Is there a difference between the first and second commandments? This is an old thing I wrote a couple of years ago... but thought I would start my blog life by putting it on my site. Don't bother responding if you think it's "yesterday."
Shakespeare teaches us that a rose is a rose... not because we call it one, but because it simply is a rose. Even if we called it a "dog," it would still be a rose.
Christian culture is in a tizzy over the movie, "The Passion." The discussion so far has centered around whether or not the film is anti-Semitic in its portrayal of the reasons for Christ’s crucifixion. Recent reviews have appealed to Evangelicals to view the movie because of producer/writer/director Mel Gibson’s purported adherence to Scripture, his good intention of making the story of the crucifixion more real to viewers, and his cleansing of the film making process via his mass-attendance and Catholicity.
But perhaps we have overlooked a more ominous and dangerous side to this film.
Imagine a Hebrew settled in Canaan just after the time of Joshua. He knows God’s revealed Word (probably having memorized the Torah) and endeavors to live according to Its principles and standards.
Nearby live some Gibeonites... unfortunately still living in Canaan. They worship a selection of gods usually described in Scripture as "Baal." And their worship is wonderfully articulate. They worship through singing, meditating, sermons (yes, sermons!) And artwork. Statues and pictures and friezes all evoking important emotional responses from all who observe them. Those Baalites have a worship that is full; it is physical, emotional, and religious.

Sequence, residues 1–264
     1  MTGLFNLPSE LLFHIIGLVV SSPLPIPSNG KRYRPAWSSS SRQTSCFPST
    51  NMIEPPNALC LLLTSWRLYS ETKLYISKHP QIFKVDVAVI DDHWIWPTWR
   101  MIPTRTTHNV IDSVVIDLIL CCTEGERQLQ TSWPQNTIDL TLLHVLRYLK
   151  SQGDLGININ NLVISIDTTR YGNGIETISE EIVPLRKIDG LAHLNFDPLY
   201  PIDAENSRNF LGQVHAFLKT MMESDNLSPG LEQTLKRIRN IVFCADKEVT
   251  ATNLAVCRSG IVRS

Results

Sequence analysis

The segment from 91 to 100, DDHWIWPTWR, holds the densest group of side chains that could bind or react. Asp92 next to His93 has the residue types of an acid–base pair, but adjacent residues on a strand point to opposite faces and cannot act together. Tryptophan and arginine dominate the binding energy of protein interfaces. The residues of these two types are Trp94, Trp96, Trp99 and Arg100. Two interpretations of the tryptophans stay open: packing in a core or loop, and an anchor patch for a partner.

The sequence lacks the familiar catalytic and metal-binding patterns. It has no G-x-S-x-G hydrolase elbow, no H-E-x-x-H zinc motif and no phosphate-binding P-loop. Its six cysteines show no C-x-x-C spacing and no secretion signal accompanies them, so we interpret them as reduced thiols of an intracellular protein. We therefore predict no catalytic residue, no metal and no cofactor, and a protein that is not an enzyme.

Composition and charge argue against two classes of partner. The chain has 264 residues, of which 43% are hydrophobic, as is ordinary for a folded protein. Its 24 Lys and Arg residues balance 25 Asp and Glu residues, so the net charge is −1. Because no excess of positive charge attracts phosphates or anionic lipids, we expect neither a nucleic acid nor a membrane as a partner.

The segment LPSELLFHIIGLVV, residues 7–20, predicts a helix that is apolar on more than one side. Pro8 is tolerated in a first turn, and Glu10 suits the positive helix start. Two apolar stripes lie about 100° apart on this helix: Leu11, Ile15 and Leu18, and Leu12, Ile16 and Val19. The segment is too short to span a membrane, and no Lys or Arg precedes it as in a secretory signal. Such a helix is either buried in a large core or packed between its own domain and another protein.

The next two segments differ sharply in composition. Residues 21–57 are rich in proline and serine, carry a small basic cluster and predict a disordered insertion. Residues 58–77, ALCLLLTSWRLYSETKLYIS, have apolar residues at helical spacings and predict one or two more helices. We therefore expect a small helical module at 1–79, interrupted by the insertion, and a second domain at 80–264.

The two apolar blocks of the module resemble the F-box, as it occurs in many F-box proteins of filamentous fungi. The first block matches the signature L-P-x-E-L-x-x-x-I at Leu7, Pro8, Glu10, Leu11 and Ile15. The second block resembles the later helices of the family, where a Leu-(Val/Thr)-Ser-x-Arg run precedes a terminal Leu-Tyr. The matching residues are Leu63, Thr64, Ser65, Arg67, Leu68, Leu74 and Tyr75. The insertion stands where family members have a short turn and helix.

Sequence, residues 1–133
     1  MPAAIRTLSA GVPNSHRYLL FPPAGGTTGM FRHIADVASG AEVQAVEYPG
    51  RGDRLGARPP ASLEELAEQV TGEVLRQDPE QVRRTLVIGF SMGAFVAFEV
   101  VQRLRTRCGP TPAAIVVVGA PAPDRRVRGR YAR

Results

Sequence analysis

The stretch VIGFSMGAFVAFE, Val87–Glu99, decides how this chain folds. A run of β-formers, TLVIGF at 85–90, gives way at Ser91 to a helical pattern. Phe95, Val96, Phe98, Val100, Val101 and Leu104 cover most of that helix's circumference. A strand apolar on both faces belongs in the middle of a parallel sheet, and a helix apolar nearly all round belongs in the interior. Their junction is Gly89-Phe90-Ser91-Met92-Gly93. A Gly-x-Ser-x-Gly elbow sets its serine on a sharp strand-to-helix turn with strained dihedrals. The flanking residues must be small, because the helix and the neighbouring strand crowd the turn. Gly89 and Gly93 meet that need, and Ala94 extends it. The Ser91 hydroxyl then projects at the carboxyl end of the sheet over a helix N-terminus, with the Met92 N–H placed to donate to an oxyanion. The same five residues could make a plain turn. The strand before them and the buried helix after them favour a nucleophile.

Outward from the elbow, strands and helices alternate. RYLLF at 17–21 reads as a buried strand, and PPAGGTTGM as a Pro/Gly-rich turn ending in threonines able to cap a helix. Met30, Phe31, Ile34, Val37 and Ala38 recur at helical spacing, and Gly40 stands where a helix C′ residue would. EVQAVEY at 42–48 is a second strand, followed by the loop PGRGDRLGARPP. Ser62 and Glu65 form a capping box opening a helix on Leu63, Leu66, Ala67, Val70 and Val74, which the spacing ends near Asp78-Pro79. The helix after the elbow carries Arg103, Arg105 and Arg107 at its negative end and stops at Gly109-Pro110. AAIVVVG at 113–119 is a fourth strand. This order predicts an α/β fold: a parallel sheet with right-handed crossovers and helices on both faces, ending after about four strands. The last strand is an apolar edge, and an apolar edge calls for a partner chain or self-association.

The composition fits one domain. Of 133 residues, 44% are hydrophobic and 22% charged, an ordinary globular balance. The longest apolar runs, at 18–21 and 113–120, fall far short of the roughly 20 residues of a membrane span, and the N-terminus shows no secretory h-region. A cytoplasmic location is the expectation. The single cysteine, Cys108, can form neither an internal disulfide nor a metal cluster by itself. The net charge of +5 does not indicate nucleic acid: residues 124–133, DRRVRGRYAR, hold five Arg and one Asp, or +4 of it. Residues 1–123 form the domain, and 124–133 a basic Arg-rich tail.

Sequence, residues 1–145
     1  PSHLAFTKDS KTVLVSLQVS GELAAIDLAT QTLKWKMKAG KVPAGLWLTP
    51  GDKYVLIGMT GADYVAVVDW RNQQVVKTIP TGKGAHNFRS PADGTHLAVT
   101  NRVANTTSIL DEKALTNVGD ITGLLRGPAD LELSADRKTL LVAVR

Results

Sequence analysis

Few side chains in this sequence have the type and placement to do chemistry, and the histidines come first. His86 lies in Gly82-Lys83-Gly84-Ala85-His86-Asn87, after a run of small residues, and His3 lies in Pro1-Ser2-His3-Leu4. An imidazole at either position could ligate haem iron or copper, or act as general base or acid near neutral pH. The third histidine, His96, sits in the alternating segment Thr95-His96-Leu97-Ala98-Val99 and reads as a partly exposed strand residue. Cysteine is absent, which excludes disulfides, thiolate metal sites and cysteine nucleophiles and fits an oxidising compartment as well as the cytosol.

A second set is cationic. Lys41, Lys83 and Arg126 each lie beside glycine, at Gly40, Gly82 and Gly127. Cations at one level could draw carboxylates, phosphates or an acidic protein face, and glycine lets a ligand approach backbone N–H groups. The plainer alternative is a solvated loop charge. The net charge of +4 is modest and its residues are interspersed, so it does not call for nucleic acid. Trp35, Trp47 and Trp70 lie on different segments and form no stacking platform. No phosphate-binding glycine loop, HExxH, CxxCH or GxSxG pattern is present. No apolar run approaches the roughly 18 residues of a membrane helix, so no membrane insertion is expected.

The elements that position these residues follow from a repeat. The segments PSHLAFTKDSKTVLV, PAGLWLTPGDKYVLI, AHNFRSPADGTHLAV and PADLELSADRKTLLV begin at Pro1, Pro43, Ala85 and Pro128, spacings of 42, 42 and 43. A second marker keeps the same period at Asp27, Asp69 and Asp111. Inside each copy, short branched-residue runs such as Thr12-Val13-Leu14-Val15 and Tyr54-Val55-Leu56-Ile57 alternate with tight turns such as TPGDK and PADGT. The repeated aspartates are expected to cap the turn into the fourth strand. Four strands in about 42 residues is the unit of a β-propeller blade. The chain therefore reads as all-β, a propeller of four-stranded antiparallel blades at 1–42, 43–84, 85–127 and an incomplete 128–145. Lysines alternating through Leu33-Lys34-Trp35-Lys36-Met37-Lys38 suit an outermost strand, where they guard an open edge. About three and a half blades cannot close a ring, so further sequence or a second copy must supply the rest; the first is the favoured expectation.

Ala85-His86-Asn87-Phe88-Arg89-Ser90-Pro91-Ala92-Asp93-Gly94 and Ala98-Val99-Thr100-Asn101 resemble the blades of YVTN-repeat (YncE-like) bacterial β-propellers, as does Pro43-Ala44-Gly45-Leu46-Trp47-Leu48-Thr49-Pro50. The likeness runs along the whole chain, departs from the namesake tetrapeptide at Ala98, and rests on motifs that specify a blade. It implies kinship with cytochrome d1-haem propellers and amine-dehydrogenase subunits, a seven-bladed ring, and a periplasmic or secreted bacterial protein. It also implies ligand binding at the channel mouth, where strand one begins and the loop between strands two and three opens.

Of course it is also completely bogus.
But across the backyard fence, our Hebrew is discussing "worship" with the Canaanite. The Canaanite claims that the Hebrew is missing out on something. If the Hebrew starting using statues, pictures, and evoking art in his worship, he would have a better understanding of his God, says the Canaanite. If the Hebrew starting picturing what his God looked like, sounded like, smelled like and felt like, he would have a better understanding of his God, says the Canaanite. If the Hebrew started having more physical signs with which to relate to his non-physical God, he would have a better understanding of his God, says the Canaanite.
And the Hebrew thinks about it... and then remembers the second commandment.
That Hebrew would be less likely than we are to break that commandment, it seems.
Jesus is a mysterious phenomenon. He is fully God and fully man. Completely divine and completely human. A mixture that is hard to comprehend. Hard to explain. Hard to relay to others.
In the 1940's and 1950's churches began displaying a blue-eyed light brown haired picture of Jesus in their sanctuaries. It was done to help us relate more to our Savior. But it was a lie.
Strong words, I know. But let me explain. Whatever Jesus looked like, he was probably not a blue eyed Anglo-Saxon. So a picture of Him in that form is inaccurate. It isn’t Him. It’s wrong.
On a more philosophical level, our society struggles to accept the dual natures of Christ. A physical picture of Jesus emphasizes the human nature of Christ, and ignores the divine. (The halo doesn’t really help, does it?) Using such a picture reinforces our culture’s view that Jesus was, "a really good man." In our attempt to help ourselves "relate" to Christ... we actually force a bigger void between who He is, and how we understand Him.
There is nothing wrong with art. Quite the opposite, in fact. But the decalogue seems to prohibit physical art from representing God. From describing the Spiritual in a purely physical form. From saying, "this is God!" When He is so much more.
God’s commandment prohibiting images of Himself was given for just that reason. It is so easy for us to pull God from His throne by using physical representations of Him.
Intentions don’t matter. The Israelites had good intentions when they made the golden calf. The Canaanites had good intentions when they convinced the Israelites to worship Baal and Asteroth.
I am glad that The Passion does not present Anti-Semitism. I am glad that Mel Gibson is faithful to his principles. I am glad that Scripture Alone can be used as a text for a movie.
But I wish that The Passion didn’t break the 2nd Commandment. Because that is a pretty good reason to stay away from it.